Buffy the Vampire Slayer and Philosophy: Fear and Trembling in Sunnydale

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James B. South
Open Court, 2003 - Performing Arts - 335 pages
28 Reviews
How can Buffy's religious symbolism be squared with creator Joss Whedon's professed atheism? Is Buffy truly a Kierkegaardian knight of faith? Do Faith's corruption and return to the good life demonstrate Platonic eudaimonism? Or do they illustrate the flaws in Nietzsche's superman concept? What does the show's treatment of vampires, demons, and other entities say about ethical attitudes toward nonhumans? These are some of the questions asked and answered in this lively collection of essays that link classical philosophy to the long-running series Buffy the Vampire Slayer. Buffy's status as the leading vehicle for exploring the evil underlying everyday life has made it ripe for the kind of witty, penetrating philosophical analysis this book delivers -- fully disintering the intellectual issues that underlie this cult favorite.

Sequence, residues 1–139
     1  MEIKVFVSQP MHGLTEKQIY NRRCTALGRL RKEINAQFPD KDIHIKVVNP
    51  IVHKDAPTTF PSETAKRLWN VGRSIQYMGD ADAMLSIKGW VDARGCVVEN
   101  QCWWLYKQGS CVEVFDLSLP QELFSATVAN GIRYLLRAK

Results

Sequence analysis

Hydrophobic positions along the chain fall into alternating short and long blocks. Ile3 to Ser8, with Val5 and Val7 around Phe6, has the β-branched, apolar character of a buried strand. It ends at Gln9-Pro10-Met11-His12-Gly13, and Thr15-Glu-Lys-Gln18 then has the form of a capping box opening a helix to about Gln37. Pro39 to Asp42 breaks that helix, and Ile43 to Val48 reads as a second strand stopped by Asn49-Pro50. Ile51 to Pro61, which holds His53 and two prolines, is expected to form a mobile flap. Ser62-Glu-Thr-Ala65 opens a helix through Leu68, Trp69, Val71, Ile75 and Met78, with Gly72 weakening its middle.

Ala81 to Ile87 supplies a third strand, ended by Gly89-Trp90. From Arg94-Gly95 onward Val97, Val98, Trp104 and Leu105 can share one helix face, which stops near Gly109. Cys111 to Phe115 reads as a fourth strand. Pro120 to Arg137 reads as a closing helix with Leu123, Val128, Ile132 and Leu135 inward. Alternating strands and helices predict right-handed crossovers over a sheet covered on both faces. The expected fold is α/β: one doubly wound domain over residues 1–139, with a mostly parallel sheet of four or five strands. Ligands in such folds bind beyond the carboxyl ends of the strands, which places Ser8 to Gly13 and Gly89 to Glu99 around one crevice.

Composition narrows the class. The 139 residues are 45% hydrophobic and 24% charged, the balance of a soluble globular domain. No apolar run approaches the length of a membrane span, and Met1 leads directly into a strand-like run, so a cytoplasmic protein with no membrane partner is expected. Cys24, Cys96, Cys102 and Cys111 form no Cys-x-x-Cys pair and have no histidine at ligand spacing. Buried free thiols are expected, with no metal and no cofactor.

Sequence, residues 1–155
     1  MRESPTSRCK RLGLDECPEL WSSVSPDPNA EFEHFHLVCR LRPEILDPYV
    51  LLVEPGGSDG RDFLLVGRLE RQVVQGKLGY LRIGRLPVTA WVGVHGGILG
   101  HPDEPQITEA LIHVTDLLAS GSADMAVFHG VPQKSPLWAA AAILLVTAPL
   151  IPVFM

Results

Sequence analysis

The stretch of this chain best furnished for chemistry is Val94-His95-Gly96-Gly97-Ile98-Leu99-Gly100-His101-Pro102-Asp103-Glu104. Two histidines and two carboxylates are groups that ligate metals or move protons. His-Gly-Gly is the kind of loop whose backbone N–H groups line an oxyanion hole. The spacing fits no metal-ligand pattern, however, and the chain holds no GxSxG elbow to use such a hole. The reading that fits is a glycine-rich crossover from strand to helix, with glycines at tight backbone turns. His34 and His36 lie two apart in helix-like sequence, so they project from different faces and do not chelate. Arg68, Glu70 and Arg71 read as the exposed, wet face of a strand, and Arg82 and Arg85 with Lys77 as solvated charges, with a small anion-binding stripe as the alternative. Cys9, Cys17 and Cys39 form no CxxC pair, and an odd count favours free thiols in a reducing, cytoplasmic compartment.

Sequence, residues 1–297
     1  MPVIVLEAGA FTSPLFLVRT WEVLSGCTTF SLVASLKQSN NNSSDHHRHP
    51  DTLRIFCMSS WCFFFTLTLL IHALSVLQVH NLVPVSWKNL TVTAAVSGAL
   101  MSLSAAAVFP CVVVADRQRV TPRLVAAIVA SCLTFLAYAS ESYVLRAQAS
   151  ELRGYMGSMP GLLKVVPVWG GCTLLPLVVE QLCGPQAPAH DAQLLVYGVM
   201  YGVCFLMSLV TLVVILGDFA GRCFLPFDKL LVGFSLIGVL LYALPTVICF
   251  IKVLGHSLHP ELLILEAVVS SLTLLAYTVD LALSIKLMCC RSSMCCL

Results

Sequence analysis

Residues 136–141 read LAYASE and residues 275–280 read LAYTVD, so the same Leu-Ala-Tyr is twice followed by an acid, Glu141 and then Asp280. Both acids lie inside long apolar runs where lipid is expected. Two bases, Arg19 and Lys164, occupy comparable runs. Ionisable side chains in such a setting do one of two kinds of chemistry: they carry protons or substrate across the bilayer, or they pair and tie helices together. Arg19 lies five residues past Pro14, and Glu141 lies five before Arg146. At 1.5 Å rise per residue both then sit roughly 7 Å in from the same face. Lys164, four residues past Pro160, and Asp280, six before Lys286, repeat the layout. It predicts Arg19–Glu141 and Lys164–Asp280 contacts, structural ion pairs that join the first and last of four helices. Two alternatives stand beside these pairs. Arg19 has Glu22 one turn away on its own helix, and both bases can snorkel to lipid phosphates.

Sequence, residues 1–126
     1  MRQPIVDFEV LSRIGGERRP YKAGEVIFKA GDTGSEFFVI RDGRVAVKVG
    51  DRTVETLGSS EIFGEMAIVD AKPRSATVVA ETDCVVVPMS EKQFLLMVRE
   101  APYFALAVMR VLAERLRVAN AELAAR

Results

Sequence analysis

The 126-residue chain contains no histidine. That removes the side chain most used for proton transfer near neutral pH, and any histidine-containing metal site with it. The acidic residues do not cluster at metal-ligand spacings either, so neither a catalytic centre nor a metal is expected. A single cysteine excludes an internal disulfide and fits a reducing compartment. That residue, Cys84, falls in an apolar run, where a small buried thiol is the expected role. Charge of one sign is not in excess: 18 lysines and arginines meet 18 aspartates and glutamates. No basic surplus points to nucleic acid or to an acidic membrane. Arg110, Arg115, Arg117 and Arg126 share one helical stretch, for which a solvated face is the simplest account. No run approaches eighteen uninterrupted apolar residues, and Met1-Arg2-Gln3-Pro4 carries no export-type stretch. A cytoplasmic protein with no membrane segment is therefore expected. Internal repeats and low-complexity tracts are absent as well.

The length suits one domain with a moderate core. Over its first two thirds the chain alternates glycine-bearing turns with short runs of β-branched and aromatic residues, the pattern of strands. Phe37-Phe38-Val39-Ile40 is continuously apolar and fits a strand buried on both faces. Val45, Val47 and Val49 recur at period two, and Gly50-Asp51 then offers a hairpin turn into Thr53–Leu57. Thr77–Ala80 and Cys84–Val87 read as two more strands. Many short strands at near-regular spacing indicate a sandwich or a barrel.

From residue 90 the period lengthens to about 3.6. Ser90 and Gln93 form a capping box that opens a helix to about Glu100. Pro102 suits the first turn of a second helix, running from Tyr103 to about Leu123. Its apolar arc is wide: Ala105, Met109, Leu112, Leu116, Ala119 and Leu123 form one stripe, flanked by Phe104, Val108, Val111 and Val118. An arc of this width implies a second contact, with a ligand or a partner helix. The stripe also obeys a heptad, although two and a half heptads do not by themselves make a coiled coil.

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Review: Buffy the Vampire Slayer and Philosophy: Fear and Trembling in Sunnydale (Popular Culture and Philosophy #4)

User Review  - Kristine - Goodreads

So, I'm all for a psychological view into a series such as Buffy that I love. But honestly, I didn't need to read four different people's views on the same character, in which all four reference the same psychological theories, beliefs, etc. Read full review

Review: Buffy the Vampire Slayer and Philosophy: Fear and Trembling in Sunnydale (Popular Culture and Philosophy #4)

User Review  - Mindy - Goodreads

Ahhh it's so much fun to pick apart Buffy! This book gives me fodder for rethinking and re-watching. Don't agree with all of the essays? No big deal- it gives you the opportunity to re -watch and come up with your own take. This book is just good fun. Read full review

Contents

IV
7
V
20
VI
35
Copyright

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Heroes and Villains
Mike Alsford
Limited preview - 2006
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About the author (2003)

James B. South is associate professor of philosophy at Marquette University in Milwaukee.

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